I've never done a walk or a race, unless you count the one I did in junior high which WAS a whopping 20 mile walk-a-thon. But for the past several years when asked if I'd like to run a marathon I reply with much certainty that I'll be 'the one sitting at the corner cafe with a cocktail in my hand cheering you on as you run by'. #i'magoodfriend
When the Portland Race for the Cure came up in conversation, I hesitated but told my friend Tina that if we created a team I didn't want it to be for me, but for all the women of Clark County. Over 600 will be diagnosed with breast cancer this year. Somehow it was easier to consider walking if it was for someone else.
But when the time came... I bailed. I couldn't talk myself into doing it. I registered, I registered my husband and my kids. But I really couldn't wrap my mind around it.
When I was first diagnosed I put it out there on facebook. An old high school classmate sent me an instant message saying she was going to add my name to her hat as she ran a race supporting breast cancer. I freaked inside... I wasn't ready for anyone to walk for me. I do the walking. [so to speak, since I don't actually do walks, but you know what I mean]. I wasn't ready to be on the other side. This haunted/taunted me for days.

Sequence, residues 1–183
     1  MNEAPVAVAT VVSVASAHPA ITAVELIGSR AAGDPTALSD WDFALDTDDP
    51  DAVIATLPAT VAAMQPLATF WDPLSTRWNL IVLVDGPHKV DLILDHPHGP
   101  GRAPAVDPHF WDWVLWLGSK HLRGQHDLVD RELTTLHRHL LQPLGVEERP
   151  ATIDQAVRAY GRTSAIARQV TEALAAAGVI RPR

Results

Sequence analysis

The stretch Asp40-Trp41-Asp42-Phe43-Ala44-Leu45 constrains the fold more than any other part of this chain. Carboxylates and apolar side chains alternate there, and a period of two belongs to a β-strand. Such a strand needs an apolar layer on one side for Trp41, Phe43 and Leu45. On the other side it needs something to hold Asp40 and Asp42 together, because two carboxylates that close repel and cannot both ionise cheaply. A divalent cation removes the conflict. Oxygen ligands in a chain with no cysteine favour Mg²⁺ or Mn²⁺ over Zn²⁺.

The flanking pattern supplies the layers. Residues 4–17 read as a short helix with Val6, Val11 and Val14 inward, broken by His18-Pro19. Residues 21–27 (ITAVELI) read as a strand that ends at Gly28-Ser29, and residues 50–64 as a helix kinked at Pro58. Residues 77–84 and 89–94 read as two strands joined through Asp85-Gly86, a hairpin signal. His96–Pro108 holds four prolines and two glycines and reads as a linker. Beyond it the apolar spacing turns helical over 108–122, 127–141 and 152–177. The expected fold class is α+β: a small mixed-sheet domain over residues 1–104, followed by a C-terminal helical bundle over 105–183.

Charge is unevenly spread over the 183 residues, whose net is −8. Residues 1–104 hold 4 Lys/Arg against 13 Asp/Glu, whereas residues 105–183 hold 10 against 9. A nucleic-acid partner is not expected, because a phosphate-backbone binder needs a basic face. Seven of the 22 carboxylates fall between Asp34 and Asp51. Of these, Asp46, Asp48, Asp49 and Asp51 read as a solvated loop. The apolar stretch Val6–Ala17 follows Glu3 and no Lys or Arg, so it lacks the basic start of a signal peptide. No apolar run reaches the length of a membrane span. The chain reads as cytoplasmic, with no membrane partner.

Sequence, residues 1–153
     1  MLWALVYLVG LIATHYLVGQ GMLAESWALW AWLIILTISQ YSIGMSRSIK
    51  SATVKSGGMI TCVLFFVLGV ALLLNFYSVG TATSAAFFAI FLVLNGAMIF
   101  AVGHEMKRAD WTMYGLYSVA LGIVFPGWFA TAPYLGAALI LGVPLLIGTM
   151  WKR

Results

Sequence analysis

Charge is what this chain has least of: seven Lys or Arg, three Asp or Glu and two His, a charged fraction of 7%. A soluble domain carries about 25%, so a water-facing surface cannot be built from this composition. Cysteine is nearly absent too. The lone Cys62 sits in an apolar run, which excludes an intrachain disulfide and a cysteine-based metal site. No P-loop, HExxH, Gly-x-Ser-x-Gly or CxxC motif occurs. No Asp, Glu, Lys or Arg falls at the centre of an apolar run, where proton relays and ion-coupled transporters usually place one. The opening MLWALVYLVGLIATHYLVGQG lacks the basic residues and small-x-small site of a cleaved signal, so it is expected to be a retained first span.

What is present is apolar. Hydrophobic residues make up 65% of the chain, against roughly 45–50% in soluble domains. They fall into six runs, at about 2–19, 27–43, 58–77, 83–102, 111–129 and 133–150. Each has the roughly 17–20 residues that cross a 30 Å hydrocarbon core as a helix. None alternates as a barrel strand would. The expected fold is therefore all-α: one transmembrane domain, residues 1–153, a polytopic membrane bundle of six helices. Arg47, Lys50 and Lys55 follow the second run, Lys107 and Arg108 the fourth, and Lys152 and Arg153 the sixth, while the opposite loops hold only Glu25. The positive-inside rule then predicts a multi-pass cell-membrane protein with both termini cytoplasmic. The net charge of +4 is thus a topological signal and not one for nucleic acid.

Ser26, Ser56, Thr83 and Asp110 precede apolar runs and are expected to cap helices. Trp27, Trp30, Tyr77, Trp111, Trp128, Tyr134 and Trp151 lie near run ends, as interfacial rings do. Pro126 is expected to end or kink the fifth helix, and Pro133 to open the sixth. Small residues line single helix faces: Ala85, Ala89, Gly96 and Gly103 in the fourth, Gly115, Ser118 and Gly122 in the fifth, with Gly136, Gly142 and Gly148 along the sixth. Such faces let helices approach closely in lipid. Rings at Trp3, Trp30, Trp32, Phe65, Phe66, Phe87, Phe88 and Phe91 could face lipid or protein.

When I registered for the race there was a box to click if you were a breast cancer survivor. Well... not yet, but where is the 'fighter' box? I clicked the box anyway as I'm optimistic. There was a brochure to click on to get info about parking and where to check in. I started to feel overwhelmed. Every time I thought about the race I got a bit anxious and didn't want to figure out the details. The vicodin may have contributed a bit as I was still healing/am healing from the whole anal fissure surgery thing [which by the way is much better thank you very much]
The night before the race it was pouring outside which only added to my list of reasons why I didn't really want to head out to downtown Portland to race. But I knew other people would be there, those girlfriends that have supported my journey. They were planning on being there rain or shine to walk in my honor. I began feeling guilty. I called Shawna as we were planning on going together. She talked me through it... meaning the guilt washed away.
I guess part of putting on your big girl panties is making decisions that are best for you, not out of guilt. I did feel a tad guilty when my personal trainer Casey called post race and caught me eating an apple fritter and sipping on a sugar laden latte while on the sidelines of my son's soccer game ;) #lifeasiknowit
Next year chicas... I'll be cancer free, fancy free, and promise to not be sitting on the sidelines but joining you in celebrating those before me and raising money for those after me. Rain or Shine.